One day, unable to write, I took a walk outside the lodge to refresh my mind. I strolled up a hillock, keeping to the footpath, to my right a forest of acacia trees, to my left a bare landscape with a faded mountain range in the far distance. I stumbled upon a guy, seated on an anthill, herding his sheep and goats. I smelled the weed before I saw it. He was in old clothes and rubber sandals. He hid the weed. From under a tattered cap he peered at me suspiciously. He looked to be in his mid-20s. Keeping him company and seated on his hind legs next to him was his dog that stared back at me with the same cynicism as his master. He wasn’t very keen on small talk, I could tell. He would have loved for me to bugger off and leave him the hell alone to smoke his weed. I was asking him silly questions; does that dog bite? Where do you live? What do you call that hill over there and have you ever climbed it? How many goats and sheep do you have? Can you tell one of them is missing by just looking at them? Who is your favourite goat? Why him?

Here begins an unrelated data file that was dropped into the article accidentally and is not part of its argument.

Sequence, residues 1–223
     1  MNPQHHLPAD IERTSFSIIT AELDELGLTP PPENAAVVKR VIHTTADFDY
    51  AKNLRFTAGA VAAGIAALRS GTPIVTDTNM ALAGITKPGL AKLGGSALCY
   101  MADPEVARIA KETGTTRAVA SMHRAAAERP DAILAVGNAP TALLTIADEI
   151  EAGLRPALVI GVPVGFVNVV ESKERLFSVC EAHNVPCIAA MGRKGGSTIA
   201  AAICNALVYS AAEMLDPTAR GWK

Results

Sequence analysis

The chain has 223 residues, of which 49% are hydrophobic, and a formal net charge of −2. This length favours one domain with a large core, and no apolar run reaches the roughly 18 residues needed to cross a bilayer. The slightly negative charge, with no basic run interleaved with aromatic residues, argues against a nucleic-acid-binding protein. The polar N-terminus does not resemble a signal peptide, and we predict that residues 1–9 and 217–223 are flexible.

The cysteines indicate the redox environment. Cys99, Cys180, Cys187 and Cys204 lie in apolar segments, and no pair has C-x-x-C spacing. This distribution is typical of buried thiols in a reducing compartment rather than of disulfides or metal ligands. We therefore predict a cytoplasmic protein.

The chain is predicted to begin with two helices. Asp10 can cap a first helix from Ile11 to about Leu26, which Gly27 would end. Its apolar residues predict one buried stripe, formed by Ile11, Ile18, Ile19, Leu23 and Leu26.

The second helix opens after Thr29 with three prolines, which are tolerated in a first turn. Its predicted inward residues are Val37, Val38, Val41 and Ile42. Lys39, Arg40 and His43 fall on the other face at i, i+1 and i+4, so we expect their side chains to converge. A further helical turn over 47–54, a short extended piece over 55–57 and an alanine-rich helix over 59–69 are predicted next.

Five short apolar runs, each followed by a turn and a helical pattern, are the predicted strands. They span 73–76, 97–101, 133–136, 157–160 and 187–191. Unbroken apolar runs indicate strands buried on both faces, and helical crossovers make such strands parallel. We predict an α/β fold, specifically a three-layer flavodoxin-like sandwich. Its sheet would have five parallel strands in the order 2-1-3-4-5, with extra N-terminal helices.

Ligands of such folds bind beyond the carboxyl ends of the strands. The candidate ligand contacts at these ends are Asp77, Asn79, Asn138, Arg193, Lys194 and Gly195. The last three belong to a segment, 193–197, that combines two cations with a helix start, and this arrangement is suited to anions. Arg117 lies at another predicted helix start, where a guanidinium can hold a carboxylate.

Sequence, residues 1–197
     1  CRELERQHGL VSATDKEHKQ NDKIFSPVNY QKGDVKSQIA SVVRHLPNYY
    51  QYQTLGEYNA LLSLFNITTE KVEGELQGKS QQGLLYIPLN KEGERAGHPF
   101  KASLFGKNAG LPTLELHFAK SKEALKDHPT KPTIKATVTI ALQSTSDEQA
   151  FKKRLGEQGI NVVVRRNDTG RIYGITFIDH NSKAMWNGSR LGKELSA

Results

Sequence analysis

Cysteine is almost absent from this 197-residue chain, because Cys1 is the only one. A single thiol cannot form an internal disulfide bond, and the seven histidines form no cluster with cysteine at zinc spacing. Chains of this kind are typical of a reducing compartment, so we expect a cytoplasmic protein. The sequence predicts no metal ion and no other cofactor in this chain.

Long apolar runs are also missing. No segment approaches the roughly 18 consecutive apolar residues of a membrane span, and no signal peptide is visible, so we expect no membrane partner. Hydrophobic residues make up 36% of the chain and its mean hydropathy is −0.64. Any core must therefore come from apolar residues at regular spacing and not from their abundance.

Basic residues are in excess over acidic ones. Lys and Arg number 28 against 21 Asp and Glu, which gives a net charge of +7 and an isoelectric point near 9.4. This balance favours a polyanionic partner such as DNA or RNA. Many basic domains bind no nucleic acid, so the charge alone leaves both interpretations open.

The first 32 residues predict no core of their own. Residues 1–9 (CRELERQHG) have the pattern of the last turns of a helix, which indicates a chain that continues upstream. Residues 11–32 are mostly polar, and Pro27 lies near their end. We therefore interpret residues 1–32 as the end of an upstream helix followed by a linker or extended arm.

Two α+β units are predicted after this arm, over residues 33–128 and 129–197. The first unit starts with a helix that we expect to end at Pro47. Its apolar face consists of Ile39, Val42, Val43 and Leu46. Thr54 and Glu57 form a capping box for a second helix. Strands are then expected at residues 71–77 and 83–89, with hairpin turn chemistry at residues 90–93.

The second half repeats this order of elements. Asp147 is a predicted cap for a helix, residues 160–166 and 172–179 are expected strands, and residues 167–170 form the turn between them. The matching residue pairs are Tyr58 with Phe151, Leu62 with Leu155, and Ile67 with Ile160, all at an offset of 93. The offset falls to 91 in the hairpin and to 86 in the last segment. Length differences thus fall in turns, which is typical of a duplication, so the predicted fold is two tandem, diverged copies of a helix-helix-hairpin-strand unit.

Once he realised that I wasn’t going to leave, he decided to smoke his weed. Uninvited, I sat next to him and asked him if I could share his weed. He handed it to me. His thumb finger didn’t have a nail. It looked like someone removed it during an intense interrogation. [OK, I watch too many movies]. When I brought the weed to my lips it smelled of goat fur. I took a drag, inspected it like I see people do [in movies] and handed it back to him. We smoked in silence as we watched the sheep and goats graze. “Have you ever run into a leopard?” I asked. He nodded nonchalantly. “When?” I asked. He said, two weeks ago. It was over there, he pointed at the trees yonder. “Were you scared?” I asked. He said he was. He said that if a leopard decides to take your sheep you can’t do shit. You let them. They are ferocious. And fast.
We talked some more, seated there on that anthill. I felt lightheaded and lazy. I felt like I didn’t have to do anything else with my life. Screw the book. The sun seemed to have smelled the weed and decided to come closer, maybe to catch a whiff, so, to cool off, I pulled my jumper over my head. I craved watermelon. I could smell the red anthill we sat on. I turned and asked him, “Do you know where I can get a watermelon?” He made excuses that he had to leave as his animals were wandering further away. He must have thought to himself, ‘I don’t need this shit, man. This chap is loco. Asking for watermelon out here, smoking my stash. I’m a shepherd, not a nutritionist.”